- Some women develop gestational diabetes during the late stages of pregnancy.
- Gestational diabetes is caused by the hormones of pregnancy or a shortage of insulin.
- Although this form of diabetes usually goes away after the baby is born, a woman who has had it and her child are more likely to develop diabetes later in life.
Between 5% and 10% of pregnant women will develop gestational diabetes and this usually occurs around the 24th to 28th week of pregnancy.
What causes gestational diabetes?
In pregnancy, the placenta produces hormones that help the baby grow and develop. These hormones also block the action of the mother’s insulin. This is called insulin resistance. Because of this insulin resistance, the need for insulin in pregnancy is 2 to 3 times higher than normal.
During this time the body may not be able to cope with the extra demand for insulin production and the blood glucose (sugar) levels will be higher resulting in gestational diabetes being diagnosed.
Prevention of Diabetes
- Currently type 1 diabetes cannot be prevented.
- Many cases of type 2 diabetes can be prevented, or the onset delayed, through positive lifestyle changes.
- It is estimated that the risk of developing type 2 diabetes can be reduced by up to 58% by maintaining a healthy weight, being physically active and following a healthy eating plan.
People at risk of type 2 diabetes can delay and even prevent the condition by:
- Maintaining a healthy weight
- Regular physical activity
- Making healthy food choices
- Managing blood pressure
- Managing cholesterol levels
- Not smoking.
What are the common symptoms of diabetes?
- Going to the toilet a lot, especially at night.
- Being really thirsty.
- Feeling more tired than usual.
- Losing weight without trying to.
- Genital itching or thrush.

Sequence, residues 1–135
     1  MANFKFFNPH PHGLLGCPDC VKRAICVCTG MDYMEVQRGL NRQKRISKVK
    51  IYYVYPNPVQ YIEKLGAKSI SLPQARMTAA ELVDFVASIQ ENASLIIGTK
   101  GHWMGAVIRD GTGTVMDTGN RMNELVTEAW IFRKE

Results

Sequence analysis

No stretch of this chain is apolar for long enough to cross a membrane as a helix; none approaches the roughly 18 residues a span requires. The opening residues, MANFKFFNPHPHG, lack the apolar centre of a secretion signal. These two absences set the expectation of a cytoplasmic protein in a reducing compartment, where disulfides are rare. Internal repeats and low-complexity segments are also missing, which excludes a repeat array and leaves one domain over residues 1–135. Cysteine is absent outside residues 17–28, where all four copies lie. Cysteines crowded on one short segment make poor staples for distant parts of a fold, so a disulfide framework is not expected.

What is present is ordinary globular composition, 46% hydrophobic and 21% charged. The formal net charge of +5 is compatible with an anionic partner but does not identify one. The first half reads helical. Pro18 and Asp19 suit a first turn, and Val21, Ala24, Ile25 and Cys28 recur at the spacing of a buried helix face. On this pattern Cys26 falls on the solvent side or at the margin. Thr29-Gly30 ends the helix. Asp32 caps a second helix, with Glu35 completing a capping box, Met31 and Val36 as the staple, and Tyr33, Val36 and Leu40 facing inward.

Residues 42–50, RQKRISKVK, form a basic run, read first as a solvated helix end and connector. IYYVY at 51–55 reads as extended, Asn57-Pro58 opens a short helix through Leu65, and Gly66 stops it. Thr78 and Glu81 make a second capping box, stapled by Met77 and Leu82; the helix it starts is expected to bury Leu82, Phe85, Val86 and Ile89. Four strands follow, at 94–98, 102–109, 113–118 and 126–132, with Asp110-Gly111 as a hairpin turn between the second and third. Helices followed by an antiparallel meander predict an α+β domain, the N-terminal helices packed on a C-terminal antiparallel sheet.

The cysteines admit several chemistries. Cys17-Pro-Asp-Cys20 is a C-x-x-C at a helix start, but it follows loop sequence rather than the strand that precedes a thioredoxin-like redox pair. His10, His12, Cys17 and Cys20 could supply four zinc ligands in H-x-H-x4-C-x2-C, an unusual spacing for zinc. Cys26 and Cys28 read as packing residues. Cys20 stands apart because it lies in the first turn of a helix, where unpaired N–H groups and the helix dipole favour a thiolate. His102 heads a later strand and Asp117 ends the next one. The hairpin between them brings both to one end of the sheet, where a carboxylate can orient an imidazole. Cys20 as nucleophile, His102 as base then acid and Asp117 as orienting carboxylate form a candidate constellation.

- Cuts and wounds take longer to heal.
- Blurred vision.
Normal Blood Sugar Level
- A normal fasting (no food for eight hours) blood sugar level is between 70 and 99 mg/dL
- A normal blood sugar level two hours after eating is less than 140 mg/dL
The blue circle is the universal symbol for diabetes. Until 2006, there was no global symbol for diabetes. The purpose of the symbol is to give diabetes a common identity. The World Diabetes Day is observed on November 14.
2015 theme is “Healthy Living and Diabetes”.
Myths and Facts
Myth – Diabetes is not serious
Fact – There is no such thing as “mild” diabetes. All types of diabetes are serious and can lead to complications if not well managed. Diabetes can affect quality of life and can reduce life expectancy.
Myth – Diabetes can be prevented
Fact – Not all types of diabetes can be prevented. Type 1 is an autoimmune condition; there is no cure and no prevention. We do not know what causes type 1 diabetes.
For type 2 diabetes, it is estimated that up to 58 percent of type 2 diabetes can be prevented or delayed by exercise and healthy eating.
Myth – People with diabetes can’t eat dessert
Fact – Because diabetes is a condition where your blood glucose level is too high, many people think they need to avoid sugars and foods containing sugar. However, if eaten as part of a healthy meal plan, or combined with exercise, sweets and desserts can be eaten by people with diabetes. The key is to eat everything in moderation.
References : Diabetes Research, Medical News, Diabetes.org, Webmd, NDSS